His name dubbed after the Incredible Hulk’s weaker half, but there is nothing lame about David Banner. Although he’s been around for years, Mississippi: The Album solidified his position as a legit rapper and a surprisingly talented producer. He’s one of the few rapper’s that could get away with the mack daddy anthem "Like A Pimp" and the conscious "Cadillac on 22’s." Word to Emmitt Till.

50 CentGet Rich Or Die Tryin’ (Interscope)

Everybody knows that 2003 was 50 Cent’s. What more can really be said? He’s broke sales and airplay records and, even though he started the year in jail, he ended up flying higher than any other by crafting a slice of urban guerrilla. Like Em, 50 was a marketers’ wet dream with his ability to hold the attention of men, women and children with Get Rich Or Die Tryin.’

Runner Ups: Jay-Z The Black Album, Missy Elliot Under Construction


Little Brother

The Listening (ABB)

This album may be the most timeless of those released in 2003. Organic, soulful production mixed with lyrics that chronicle the lives of ambitious twenty-something MC’s. At the beginning of the year, Little Brother was the "Who?" topic of conversation. By year end, they were a part of Jay-Z’s blockbuster. Coincidence? No. This album is a classic.

Brother AliShadows on the Sun (Rhymesayers)

This LP has lyrics influenced Nas, delivery by Ice Cube, and beats that compete with anything on the radio. Brother Ali’s first official full length came with a lot of emotion, a great deal of arrogance, and some fabulous storytelling. This album celebrates what is expected of an MC, but doesn’t sound pretentious or basic. Rarely is there stuff so good that you need to hear it to be a better liver. Check "Forrest Whitaker" and "Picket Fence."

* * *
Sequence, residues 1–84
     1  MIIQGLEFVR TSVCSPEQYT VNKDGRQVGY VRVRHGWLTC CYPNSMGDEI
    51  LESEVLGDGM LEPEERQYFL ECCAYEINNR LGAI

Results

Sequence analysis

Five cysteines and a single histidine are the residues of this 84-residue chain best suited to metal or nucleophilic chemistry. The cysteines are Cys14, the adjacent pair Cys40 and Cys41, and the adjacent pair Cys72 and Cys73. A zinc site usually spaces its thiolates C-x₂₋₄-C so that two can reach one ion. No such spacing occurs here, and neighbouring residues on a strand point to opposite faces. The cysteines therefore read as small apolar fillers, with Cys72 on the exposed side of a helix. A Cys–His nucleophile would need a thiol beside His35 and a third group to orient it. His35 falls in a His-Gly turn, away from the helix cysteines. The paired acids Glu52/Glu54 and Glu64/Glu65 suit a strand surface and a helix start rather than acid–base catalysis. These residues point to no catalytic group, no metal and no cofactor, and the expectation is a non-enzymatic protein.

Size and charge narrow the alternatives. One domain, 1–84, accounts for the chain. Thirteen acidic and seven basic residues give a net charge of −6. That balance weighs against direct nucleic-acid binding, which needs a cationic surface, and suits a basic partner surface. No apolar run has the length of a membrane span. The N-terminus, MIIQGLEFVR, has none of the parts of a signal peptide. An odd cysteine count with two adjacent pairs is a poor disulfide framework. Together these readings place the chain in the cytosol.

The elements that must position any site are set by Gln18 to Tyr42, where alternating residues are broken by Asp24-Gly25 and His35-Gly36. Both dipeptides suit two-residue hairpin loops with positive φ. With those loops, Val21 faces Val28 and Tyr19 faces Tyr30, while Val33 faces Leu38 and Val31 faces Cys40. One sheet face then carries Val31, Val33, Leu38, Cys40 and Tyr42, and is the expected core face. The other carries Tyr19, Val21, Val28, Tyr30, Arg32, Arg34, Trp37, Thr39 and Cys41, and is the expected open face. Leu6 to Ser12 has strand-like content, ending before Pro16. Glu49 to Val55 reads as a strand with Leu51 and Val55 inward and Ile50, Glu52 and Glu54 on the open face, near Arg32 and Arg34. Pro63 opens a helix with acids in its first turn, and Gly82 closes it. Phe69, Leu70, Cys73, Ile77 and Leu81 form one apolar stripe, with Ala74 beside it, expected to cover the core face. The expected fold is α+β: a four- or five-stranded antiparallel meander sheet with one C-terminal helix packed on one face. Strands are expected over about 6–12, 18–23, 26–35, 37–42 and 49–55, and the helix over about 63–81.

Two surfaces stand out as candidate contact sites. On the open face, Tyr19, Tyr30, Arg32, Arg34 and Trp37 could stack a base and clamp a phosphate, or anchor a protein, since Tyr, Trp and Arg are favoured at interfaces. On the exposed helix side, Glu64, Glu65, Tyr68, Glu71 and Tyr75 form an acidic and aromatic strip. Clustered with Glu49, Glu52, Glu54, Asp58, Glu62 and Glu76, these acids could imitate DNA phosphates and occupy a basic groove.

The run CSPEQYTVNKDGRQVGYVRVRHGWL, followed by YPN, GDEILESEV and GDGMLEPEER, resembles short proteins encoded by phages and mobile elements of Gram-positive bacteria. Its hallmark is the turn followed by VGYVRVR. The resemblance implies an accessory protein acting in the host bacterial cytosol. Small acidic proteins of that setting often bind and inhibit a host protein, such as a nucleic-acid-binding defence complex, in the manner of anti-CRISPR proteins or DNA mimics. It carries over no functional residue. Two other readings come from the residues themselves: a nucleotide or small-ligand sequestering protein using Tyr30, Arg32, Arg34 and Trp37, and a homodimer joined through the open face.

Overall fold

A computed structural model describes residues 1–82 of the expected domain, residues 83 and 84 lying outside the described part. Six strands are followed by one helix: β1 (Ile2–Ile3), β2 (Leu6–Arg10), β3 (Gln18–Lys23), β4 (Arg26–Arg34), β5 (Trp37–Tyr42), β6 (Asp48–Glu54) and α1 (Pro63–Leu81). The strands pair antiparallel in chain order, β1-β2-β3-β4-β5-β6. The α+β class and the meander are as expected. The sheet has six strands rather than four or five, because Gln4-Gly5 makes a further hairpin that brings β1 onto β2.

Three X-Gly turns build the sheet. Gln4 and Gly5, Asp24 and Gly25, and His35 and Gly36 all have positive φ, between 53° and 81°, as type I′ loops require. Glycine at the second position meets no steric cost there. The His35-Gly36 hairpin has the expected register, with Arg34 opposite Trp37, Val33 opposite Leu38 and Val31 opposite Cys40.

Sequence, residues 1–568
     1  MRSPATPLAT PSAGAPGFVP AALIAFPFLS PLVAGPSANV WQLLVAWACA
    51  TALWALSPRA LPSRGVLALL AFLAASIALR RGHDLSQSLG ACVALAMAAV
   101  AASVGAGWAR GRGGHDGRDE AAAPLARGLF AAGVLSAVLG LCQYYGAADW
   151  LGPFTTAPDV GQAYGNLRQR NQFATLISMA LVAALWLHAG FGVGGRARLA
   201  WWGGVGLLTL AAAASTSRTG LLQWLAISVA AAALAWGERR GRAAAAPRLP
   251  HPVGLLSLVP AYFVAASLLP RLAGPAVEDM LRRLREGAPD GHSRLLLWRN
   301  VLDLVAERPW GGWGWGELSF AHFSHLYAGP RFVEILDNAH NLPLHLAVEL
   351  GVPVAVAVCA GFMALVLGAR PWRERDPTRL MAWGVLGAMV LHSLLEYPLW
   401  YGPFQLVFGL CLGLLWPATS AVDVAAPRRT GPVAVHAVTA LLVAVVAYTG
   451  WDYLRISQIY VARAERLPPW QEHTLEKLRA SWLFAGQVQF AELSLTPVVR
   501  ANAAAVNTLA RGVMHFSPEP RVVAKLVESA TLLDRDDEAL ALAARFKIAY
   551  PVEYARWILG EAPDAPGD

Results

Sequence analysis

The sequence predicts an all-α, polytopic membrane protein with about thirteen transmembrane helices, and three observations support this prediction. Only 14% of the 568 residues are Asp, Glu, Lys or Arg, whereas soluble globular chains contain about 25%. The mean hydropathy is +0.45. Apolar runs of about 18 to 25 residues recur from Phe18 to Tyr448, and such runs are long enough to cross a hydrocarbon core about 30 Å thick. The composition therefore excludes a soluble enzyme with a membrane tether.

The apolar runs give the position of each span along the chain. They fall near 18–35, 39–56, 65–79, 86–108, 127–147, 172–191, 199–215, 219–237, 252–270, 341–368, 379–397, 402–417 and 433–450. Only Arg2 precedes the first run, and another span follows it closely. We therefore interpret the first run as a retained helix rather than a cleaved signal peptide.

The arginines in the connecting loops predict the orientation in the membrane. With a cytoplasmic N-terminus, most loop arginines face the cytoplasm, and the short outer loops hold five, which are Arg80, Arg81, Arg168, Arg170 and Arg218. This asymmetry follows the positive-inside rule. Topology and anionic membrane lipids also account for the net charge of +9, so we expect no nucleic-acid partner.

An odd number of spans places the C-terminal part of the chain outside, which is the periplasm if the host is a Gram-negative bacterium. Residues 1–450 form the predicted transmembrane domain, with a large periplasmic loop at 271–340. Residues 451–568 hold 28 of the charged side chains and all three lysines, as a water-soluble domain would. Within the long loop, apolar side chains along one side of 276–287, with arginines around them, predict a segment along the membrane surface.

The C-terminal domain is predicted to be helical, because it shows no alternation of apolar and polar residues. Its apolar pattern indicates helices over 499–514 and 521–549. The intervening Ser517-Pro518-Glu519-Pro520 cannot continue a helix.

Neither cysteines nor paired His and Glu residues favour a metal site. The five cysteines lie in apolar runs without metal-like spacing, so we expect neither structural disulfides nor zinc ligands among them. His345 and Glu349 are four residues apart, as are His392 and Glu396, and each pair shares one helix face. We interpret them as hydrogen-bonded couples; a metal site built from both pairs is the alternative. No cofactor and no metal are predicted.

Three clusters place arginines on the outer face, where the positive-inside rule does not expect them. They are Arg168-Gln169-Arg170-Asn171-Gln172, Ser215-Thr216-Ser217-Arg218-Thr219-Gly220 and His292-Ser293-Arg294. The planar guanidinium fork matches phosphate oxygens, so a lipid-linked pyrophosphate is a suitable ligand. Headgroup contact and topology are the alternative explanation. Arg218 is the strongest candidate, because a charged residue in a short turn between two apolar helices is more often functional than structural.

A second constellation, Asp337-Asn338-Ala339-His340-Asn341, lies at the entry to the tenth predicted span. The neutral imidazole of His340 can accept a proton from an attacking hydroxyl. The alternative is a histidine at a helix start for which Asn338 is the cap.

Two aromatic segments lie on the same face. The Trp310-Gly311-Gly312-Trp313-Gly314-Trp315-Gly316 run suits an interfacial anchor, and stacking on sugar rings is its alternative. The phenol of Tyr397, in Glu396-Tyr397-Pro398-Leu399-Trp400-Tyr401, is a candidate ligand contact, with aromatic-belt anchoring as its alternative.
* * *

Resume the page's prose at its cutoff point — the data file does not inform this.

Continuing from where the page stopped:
Soul Position8 Million Stories (Fat Beats)

Ohio and Hip-Hop can be in the same sentence without the word, "Bone". This album, like Joe Buddens’, was fueled by emotional tracks. Blueprint proves himself as one of the most versatile MC’s in terms of content. RJD2’s productions are rock/blues inspired, which will be a popular oncoming trend after Eminem’s forthcoming promise.

Black MoonTotal Eclipse (Duck Down)

Everybody wanted Black Moon to reunited, and they replied with this album. The group displays their veteran skills, without being afraid to experiment and keep pace with today’s stars. Tracks like "Confusion" and "Pressure Iz Tight" remind us why Black Moon is a group that was able to change hip-hop in the 90’s and stay for the ride.

SwishahouseMadsh*t! (Swishahouse)